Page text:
Human physiology and disease pathobiology are a manifestation of underlying genetic predisposition interacting with superimposed environmental exposures. Whereas genetic factors are generally stable from conception, environmental exposures are dynamic over the lifespan, and ultimately account for up to 90% of population-attributable risk for human disease, including for cardiovascular disease, the number cause of mortality in the developed world. The totality of environmental exposures, or the ?exposome?, represents the aggregate of both internal exposures originating from host state/physiology and host microbiota, as well as external exposures deriving from toxicants and chemicals, aerosolized particulate matter and pollution, infectious agents, as well as diet and drugs. These environmental exposures result in the introduction of small molecules into human circulation where they may be monitored as biomarker surrogates of specific exposures even years or decades prior to onset of overt disease. To date, targeted approaches have begun to detail the small molecules that comprise the plasma exposome in humans. Still lacking, however, is a global view of the thousands of known and yet undiscovered small molecules that comprise the human exposome on a population level scale and rigorous association of these small molecules with the prospective development of human disease. The fundamental barrier in our understanding of the exposome and its role in human disease remains the lack of advanced analytical approaches that enable the simultaneous and rapid measure of the thousands of small molecules that comprise the plasma exposome on a population level scale. In this NIEHS Outstanding New Environmental Scientist (ONES) Award, it is our central goal to comprehensively map the human plasma exposome, understand its dynamic nature over time, and determine its role in human cardiovascular disease. To do so, we will apply novel, high throughput mass spectrometry based approaches to measure the thousands of environmentally derived small molecules present in human plasma. In serial plasma samples obtained over time from 1000 healthy individuals we will determine the natural variation in the exposome from individual to individual and over time in a single individual, the components of the exposome attributable to specific environmental exposures, and the relationship between the exposome and over forty baseline clinical demographics. Additionally, in two independent, large scale prospective epidemiological cohorts, we will determine the association between specific exposome related small molecules, interaction with disease associated genetic variants, and the prospective development of cardiovascular disease years in advance. This NIEHS ONES award will provide support for a uniquely poised Early State Investigator with diverse expertise in mass spectrometry based analytics, environmental epidemiology, computational sciences, cardiovascular biomedicine and a history of high impact biological discovery, as well as provide a foundation from which to launch an innovative, long-term research program committed to the study of environmental health sciences. !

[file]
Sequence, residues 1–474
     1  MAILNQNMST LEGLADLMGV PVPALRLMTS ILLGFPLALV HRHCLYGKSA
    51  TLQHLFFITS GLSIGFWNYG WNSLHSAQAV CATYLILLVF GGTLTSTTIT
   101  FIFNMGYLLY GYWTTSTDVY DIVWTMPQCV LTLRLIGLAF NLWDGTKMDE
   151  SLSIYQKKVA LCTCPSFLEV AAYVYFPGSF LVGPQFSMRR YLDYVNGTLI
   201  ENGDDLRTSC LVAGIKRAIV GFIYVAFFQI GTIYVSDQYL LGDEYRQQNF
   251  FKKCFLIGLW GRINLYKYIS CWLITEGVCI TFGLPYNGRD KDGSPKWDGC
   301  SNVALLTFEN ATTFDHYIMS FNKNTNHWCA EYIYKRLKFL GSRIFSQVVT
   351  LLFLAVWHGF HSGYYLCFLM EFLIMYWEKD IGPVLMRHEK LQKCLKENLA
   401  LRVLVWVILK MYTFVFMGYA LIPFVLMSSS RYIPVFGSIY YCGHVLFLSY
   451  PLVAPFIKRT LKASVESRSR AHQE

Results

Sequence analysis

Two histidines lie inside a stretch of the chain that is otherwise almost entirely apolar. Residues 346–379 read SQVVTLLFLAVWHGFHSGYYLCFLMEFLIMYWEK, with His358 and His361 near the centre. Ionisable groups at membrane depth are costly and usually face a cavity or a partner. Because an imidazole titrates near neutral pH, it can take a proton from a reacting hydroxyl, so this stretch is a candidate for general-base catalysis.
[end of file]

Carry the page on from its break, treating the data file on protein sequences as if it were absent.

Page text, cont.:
Environmental exposures underlie the development of the majority of human disease, including human heart disease. Our ability to measure environmental exposures and understand their role in human disease has bee somewhat limited. In this NIEHS Outstanding New Environmental Scientist (ONES) application, it is our goal to apply new approaches for measuring thousands of environmental exposures in human blood across a large of people to examine exposures in individuals over time and across populations and to determine the association between environmental exposures and the development of human heart disease.